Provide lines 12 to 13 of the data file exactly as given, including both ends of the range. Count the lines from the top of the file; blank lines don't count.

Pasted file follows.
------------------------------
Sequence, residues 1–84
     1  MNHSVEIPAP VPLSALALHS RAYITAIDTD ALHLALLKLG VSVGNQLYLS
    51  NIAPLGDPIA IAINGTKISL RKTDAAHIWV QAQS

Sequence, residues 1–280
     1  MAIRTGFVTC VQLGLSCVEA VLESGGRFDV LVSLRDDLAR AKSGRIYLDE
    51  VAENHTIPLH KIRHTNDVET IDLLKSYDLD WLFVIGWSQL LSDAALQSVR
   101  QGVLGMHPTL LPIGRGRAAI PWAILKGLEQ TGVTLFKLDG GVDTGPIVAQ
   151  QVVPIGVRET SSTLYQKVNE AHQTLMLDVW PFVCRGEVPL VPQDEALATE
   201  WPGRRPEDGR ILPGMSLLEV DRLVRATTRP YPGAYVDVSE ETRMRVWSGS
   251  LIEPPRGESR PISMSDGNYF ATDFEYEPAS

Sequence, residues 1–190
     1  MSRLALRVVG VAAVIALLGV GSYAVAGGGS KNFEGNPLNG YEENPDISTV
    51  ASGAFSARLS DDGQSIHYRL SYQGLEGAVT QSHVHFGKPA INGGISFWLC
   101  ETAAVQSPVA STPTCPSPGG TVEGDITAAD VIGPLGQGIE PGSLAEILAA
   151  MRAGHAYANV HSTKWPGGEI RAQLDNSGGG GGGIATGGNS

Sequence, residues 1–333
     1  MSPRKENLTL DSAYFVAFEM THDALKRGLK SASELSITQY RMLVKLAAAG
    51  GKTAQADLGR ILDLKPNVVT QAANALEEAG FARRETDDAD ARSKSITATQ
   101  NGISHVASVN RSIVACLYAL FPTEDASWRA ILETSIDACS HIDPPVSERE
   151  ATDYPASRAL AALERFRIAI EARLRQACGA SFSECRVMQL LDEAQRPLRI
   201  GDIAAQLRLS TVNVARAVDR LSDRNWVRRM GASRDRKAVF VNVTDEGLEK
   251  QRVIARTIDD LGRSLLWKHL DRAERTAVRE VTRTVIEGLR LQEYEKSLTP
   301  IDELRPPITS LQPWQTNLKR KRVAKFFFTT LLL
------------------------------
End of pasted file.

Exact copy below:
     1  MSRLALRVVG VAAVIALLGV GSYAVAGGGS KNFEGNPLNG YEENPDISTV
    51  ASGAFSARLS DDGQSIHYRL SYQGLEGAVT QSHVHFGKPA INGGISFWLC